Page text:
Some NV Blanc de Blancs Champagnes that I love include Billecart-Salmon, Guy Charlemagne, Gaston Chiquet (the last two are well-distributed Grower Champagnes), Delamotte, Henriot Souverain, Mumm de Cramant, Bruno Paillard, and Ruinart.
NV Brut Rosé Champagnes are a more difficult category, in that there are fewer standouts. NV Brut Rosé Champagnes that I enjoy include Billecart-Salmon, Gosset, Bruno Paillard, Perrier-Jouët's 'Blason de France' and Ruinart.
If you want to spend a bit less and stay with a domestic sparkler, there are quite a few reasonably-priced California Bruts that are top-notch. Leading the list for me is Roederer Estate from Anderson Valley in California (either the white or rosé), in the $18 to $22 price range. If there's a better sparkling wine in the world in this price range, I don't know it. Other California Bruts that I recommend include Mumm Cuvée Napa, Iron Horse, J, and Domaine Carneros.
From the rest of the U.S., look for Argyle (from Oregon), Gruet (from New Mexico) and Kluge Estate (from Virginia).
Only the best will do for some occasions, such as celebrating an important event, toasting an intimate occasion with a loved one, seeking to impress a significant person in your life, etc. Vintage Champagnes--or even better Prestige Cuvées--are your greatest way of saying to your guests, 'I admire and respect you.' They offer wonderful, toasty, baked bread aromas and complex flavors that linger on the palate.
You need not spend a fortune; a few great Champagnes remain reasonably-priced. Some include Gosset NV Grande Réserve ($55 to $63), as good an under $65 non-vintage that there is on the market today; Nicolas Feuillatte 1999 Cuvée Speciale ($55-$60; their best Vintage Champagne yet); Piper-Heidsieck NV Cuvée Rare (under $100), and the incredible Charles Heidsieck 1995 Blanc des Millénaires ($95), a complex and perfectly aged Blanc de Blancs (the latter being a two-time winner of Best of Show at the Critics' Challenge Judging In San Diego, and still drinking remarkably well today).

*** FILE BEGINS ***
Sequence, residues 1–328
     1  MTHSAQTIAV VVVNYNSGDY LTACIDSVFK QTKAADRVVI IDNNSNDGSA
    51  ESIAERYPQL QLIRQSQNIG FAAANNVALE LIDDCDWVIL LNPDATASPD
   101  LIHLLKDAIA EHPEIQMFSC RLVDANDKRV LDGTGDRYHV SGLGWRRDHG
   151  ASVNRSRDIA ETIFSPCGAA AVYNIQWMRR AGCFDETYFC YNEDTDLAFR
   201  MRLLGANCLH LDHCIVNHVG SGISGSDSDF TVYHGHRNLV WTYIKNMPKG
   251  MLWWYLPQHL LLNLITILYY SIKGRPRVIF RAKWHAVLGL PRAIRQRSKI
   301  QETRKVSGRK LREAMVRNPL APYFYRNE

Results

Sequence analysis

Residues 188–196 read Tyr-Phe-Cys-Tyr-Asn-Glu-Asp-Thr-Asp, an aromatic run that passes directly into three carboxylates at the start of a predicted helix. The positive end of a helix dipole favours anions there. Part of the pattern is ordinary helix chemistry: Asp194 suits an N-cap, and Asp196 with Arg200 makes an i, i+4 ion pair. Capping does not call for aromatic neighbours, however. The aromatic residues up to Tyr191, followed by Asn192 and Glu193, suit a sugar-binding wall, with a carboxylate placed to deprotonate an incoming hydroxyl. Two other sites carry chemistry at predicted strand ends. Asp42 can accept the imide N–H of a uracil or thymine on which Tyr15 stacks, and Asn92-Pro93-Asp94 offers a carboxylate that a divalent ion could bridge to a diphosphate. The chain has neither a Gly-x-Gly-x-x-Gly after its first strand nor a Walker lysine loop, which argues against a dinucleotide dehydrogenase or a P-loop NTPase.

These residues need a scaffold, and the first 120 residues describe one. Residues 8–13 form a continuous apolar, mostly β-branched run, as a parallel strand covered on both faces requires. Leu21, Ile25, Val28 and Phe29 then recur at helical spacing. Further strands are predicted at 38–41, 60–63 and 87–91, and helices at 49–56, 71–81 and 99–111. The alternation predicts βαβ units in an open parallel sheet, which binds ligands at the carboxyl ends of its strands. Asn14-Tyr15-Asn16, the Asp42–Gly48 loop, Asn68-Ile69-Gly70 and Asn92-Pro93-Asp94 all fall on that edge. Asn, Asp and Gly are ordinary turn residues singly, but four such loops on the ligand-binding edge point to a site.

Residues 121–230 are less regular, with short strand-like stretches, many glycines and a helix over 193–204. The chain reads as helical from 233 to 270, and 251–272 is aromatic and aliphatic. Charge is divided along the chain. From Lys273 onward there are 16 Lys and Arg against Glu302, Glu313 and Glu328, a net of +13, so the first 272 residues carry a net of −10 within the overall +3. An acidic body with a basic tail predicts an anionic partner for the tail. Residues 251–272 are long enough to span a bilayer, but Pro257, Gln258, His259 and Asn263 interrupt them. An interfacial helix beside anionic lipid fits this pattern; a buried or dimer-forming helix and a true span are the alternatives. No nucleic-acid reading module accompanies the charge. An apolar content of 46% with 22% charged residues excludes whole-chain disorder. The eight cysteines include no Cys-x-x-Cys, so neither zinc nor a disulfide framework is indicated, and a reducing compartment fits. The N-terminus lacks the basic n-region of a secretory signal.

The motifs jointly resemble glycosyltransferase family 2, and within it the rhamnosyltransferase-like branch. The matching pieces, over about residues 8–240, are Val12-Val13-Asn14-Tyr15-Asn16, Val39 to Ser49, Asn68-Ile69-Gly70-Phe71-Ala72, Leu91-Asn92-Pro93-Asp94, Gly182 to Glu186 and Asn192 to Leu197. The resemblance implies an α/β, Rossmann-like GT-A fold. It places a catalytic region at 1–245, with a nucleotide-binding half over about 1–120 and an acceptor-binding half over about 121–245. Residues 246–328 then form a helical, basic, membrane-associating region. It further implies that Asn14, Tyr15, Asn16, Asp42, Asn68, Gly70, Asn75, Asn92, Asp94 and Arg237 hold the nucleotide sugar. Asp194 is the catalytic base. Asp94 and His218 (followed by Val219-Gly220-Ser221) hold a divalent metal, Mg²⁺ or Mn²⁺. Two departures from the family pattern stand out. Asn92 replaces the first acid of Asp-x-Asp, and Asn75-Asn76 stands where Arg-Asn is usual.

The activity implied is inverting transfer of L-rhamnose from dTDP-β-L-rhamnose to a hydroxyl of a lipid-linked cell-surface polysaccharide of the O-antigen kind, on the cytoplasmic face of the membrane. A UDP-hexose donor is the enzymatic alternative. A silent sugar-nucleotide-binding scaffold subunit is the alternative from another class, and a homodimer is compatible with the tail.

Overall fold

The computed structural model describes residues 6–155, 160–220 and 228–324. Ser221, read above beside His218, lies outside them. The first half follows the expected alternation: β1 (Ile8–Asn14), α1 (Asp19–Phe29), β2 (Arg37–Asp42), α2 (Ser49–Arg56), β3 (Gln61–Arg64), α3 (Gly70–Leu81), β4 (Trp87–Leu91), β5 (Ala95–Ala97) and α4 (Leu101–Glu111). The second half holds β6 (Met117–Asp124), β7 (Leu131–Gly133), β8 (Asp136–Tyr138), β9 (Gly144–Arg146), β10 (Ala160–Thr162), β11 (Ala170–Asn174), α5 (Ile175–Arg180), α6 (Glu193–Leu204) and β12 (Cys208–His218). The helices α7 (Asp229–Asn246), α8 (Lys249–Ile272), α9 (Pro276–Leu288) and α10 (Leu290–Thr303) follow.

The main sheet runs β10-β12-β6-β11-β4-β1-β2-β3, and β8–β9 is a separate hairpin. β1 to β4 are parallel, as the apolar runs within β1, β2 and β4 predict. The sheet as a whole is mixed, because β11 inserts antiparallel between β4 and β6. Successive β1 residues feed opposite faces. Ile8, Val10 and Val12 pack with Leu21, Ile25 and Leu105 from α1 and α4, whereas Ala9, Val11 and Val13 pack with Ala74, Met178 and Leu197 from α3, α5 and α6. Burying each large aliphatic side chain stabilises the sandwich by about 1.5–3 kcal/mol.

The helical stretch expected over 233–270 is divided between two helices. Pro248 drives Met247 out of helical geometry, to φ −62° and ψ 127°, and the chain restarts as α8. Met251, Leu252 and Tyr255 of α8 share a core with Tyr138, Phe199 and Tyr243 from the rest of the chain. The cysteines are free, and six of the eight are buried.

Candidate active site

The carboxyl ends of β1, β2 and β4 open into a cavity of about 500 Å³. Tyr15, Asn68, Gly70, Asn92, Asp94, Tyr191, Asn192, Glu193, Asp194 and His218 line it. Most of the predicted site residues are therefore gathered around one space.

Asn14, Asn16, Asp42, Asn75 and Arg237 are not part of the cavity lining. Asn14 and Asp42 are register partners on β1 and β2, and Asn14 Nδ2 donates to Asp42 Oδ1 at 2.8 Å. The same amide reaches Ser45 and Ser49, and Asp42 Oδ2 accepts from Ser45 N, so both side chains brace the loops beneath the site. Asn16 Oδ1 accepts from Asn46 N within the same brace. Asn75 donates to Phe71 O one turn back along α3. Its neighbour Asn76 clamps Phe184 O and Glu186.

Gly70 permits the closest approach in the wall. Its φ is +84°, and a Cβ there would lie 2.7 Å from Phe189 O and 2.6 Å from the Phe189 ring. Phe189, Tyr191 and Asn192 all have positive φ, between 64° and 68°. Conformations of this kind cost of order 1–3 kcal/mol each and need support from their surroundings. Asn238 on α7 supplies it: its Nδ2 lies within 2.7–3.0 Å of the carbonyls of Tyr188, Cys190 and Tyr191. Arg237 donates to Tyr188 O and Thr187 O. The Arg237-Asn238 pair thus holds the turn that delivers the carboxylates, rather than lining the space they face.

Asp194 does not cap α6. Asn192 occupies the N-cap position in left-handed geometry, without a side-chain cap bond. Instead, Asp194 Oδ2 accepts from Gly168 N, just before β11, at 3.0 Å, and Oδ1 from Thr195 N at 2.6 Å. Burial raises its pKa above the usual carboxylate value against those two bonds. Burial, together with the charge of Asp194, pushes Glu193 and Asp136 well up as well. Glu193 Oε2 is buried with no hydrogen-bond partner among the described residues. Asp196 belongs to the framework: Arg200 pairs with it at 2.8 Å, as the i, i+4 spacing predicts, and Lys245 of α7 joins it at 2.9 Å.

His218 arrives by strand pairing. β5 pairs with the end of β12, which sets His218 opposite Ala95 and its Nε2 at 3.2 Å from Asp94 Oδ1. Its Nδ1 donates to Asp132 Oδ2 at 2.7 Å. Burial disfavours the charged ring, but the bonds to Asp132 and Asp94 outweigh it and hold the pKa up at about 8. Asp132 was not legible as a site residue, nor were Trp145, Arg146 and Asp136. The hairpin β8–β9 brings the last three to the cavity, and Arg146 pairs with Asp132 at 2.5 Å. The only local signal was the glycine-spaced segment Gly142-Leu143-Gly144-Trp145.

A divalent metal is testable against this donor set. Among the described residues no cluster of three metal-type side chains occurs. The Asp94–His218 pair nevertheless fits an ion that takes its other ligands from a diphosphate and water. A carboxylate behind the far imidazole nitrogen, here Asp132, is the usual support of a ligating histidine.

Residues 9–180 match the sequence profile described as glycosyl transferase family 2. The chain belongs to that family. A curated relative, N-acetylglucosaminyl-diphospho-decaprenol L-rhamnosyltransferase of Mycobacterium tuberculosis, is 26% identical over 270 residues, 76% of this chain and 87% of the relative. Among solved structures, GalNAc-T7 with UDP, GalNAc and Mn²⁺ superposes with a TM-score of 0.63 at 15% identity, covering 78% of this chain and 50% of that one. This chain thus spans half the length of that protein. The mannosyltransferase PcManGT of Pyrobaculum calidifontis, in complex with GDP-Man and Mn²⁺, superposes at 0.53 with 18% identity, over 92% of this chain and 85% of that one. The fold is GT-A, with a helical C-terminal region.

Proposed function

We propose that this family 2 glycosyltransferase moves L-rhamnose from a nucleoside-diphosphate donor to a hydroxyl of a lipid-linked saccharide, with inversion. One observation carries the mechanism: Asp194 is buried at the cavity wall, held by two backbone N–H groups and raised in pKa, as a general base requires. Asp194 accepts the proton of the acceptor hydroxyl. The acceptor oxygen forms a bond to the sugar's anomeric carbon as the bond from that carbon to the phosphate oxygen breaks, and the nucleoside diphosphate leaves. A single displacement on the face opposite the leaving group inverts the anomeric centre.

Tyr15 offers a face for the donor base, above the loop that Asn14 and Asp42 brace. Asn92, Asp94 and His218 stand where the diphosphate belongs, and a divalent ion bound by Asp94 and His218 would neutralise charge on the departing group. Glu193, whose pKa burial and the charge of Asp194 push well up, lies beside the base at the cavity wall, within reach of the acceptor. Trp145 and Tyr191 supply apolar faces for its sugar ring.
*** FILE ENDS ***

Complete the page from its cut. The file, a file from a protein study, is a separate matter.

In addition to the above four 'bargains,' the Vintage Champagnes and Prestige Cuvées I'm particularly admiring today include:
--Billecart-Salmon 1998 Blanc de Blancs;
--Bollinger 1999 Grande Année and 1999 Grande Année Rosé;
--Cattier Clos du Moulin;
--Deutz, 1998 Cuvée William Deutz and 1996 Cuvée William Deutz Rosé;
--Dom Pérignon 1999;
--Gosset 1998 Célébris and 1998 Célébris Rosé;
--Alfred Gratien NV Cuvée Paradis;
--Jacquesson 1996 Signature and 1996 Signature Rosé;
--Krug Grande Cuvée and 1996 Vintage Brut (one of the greatest Champagnes that I have ever tasted);
--Laurent-Perrier NV Grande Siècle 'La Cuvée';
--Perrier-Jouët 1999 Fleur de Champagne Blanc de Blancs (their 'Blanc de Blancs' is truly PJ's greatest Fleur de Champagne);
--Philipponnat 1996 Clos des Goisses (fantastic!);
--Pol Roger 1996 Sir Winston Churchill (classic; will live 100 years);
--Louis Roederer 2000 Cristal (always great; even better with age);
--Ruinart 1996 Dom Ruinart (one of the great Blanc de Blancs);
--Taittinger 1998 Comtes de Champagne (standard bearer of Blanc de Blancs style);
--Veuve Clicquot 1996 La Grande Dame (best since their memorable 1988)
Three California houses can compete with Champagne in excellence. Look for Roederer Estate's 1999 L'Hermitage (about $45), the top Brut from USA's most-respected sparkling wine producer; Iron Horse's 1996 Late Disgorged Blanc de Blancs (about $57), the finest Blanc de Blancs sparkling wine outside of Champagne; plus Schramberg's 2000 J. Schram (about $90) and totally delicious 1998 J. Schram Rosé ($120).
And remember, all sparkling wines go well with food. Enjoy the Holidays!